On their fourth anniversary, the two swapped titanium rings as a symbol of their dedication to one another. Life was blissful for quite some time - until is wasn't. In early 2006, Malone began experiencing headaches and exhibiting other symptoms of an infection. Zimmerman urged him to go to the hospital. Finally, after passing out one morning in their bathroom, Malone was admitted to Grady Hospital in Atlanta, where he was quickly diagnosed with cryptococcal meningitis, a fungal infection that impacts the tissues surrounding the brain and spinal cord.
During the ten weeks Malone was at Grady Hospital, Zimmerman visited him nearly every day, keeping him company, sneaking their dog, Spike, into the parking garage to meet with Malone, and bringing him meals. For two and a half months, they held hands, talked at length, played games, and rested in each other's presence. On May 19, 2006, Brian Malone passed away. Simultaneously, Leonard Zimmerman's spirit collapsed.
"People said to try to live one day at a time," recalls Zimmerman. " I couldn't even live an hour at a time. I couldn't live twenty minutes at a time."
Zimmerman sank into an immense darkness. In the process, he lost his job and home in Atlanta. Hopeless, he returned to Augusta, to his family, to the place that felt devastatingly familiar. He was listless and brokenhearted, unable to cope with the death of the love of his life. After six months, he got a typographic design job at Phoenix Printing, working from 8 a.m. to 5 p.m., a routine monotonous enough to at times provide a slight distraction from his pain. As soon as he got off of work, he would head down to Metro Coffeehouse and spend hours drawing in his sketchbook. With each completed sketch, the darkness lifted slightly, and Zimmerman filled up book after book with artistic representations of his thoughts, feelings, and emotions. At the same time, he became more involved with fellow artists in Augusta, all of whom supported and encouraged Zimmerman along his journey.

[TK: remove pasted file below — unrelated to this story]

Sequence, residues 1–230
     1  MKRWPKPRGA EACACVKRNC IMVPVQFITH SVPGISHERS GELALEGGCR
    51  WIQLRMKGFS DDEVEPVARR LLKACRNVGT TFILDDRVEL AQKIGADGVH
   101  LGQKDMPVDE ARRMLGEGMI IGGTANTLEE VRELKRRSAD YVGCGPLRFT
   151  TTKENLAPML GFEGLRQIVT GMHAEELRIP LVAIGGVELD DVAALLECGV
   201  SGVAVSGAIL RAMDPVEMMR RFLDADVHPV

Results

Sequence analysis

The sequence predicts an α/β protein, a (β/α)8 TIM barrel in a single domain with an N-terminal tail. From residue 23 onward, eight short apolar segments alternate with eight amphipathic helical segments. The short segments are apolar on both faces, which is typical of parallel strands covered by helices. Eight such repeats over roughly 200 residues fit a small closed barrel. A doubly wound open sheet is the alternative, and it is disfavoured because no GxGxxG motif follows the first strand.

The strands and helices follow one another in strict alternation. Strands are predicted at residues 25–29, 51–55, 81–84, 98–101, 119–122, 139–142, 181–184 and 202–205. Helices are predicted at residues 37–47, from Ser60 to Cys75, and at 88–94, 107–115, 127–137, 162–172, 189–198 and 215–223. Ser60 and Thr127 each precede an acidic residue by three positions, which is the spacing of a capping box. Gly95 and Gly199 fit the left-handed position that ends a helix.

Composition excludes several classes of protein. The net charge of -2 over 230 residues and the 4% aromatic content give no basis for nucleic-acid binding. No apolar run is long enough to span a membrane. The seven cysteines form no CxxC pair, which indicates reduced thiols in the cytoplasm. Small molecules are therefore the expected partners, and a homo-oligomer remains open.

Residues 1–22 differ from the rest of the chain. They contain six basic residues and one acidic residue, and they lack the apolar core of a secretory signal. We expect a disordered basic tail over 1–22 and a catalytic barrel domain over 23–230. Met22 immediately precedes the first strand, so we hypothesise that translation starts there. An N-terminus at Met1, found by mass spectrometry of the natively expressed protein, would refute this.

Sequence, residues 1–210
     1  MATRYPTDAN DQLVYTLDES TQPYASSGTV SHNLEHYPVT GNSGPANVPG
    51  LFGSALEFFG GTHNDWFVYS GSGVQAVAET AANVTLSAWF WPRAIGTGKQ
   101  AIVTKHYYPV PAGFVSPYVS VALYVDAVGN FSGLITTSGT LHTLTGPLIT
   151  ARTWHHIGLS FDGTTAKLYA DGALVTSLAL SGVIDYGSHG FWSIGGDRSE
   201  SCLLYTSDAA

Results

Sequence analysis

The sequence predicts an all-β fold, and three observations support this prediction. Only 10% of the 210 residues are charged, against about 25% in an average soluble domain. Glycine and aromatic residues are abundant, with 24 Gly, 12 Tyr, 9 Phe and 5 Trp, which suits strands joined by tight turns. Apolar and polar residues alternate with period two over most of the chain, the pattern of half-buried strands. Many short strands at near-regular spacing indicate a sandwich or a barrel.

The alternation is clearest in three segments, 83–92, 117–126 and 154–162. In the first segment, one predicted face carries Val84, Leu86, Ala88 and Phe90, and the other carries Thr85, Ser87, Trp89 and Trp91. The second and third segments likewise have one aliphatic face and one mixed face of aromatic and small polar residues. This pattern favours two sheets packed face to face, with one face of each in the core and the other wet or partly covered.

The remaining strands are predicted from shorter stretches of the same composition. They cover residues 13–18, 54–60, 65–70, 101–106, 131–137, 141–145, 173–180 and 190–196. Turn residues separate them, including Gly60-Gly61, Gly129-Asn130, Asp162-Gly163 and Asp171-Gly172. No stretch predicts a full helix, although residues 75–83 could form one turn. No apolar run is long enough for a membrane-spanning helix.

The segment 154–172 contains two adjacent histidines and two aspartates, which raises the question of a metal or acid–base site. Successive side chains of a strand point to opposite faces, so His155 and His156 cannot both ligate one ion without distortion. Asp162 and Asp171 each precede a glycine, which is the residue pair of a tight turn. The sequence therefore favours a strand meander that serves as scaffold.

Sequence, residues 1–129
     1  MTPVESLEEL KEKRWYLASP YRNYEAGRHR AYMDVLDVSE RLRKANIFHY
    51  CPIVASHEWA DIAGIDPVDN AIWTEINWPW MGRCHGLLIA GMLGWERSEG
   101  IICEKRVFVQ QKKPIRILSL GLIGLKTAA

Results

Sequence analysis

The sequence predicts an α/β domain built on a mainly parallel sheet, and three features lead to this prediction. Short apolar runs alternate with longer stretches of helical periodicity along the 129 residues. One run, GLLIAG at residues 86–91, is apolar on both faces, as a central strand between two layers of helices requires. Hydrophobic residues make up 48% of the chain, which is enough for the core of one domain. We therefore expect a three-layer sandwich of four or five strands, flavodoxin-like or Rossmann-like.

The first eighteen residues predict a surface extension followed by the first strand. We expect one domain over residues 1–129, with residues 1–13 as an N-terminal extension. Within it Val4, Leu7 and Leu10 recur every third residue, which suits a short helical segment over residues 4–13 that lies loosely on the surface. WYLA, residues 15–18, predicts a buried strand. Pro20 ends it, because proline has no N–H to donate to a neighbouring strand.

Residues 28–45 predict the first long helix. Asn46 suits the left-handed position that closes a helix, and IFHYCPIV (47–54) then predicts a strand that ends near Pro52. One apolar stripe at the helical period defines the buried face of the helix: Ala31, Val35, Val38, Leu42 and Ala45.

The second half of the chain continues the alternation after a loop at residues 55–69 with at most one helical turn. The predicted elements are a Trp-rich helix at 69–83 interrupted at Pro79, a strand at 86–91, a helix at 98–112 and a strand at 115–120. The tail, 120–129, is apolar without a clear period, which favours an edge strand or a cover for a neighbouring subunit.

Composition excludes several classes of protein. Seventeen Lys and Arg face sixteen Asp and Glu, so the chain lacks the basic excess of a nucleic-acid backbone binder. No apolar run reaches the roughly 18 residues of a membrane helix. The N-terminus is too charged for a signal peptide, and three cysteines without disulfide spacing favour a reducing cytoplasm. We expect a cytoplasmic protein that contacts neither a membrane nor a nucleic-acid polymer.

"The art was keeping me alive," says Zimmerman. "The community was embracing me. That is how I am here today."
As Zimmerman rose from his darkness, he began taking part in art events and gallery shows. In 2009, he was hired by a creative firm called Wierhouse, which later became Wier/Stewart, where he found his ideal balance of creative expression and work. Zimmerman continued to be a standout in the Augusta art scene, lending his talents all over town. It was not until 2012, however, that he lit the torch to set off an international movement.
"It was an election cycle," Zimmerman remembers, "and there was a lot of negativity in the air. I thought to myself 'If I could advertise just one thing, and use my powers for good, what would I do? How could I condense the message I want to convey?' I kept thinking, 'happiness.' That led to 'happy,' which I combined with the image of a robot head and put on my first posters. I pasted a bunch around town as a sort of one-off contribution against the negative noise."